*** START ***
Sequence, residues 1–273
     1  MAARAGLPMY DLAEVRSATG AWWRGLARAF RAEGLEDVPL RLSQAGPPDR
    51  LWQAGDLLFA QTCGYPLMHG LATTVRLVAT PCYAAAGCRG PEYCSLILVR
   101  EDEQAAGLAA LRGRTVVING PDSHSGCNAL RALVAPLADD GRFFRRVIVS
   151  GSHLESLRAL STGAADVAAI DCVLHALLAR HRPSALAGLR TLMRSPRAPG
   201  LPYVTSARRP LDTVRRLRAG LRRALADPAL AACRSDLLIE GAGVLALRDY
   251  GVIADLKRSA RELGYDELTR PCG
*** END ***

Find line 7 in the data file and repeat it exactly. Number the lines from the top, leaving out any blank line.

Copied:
   251  GVIADLKRSA RELGYDELTR PCG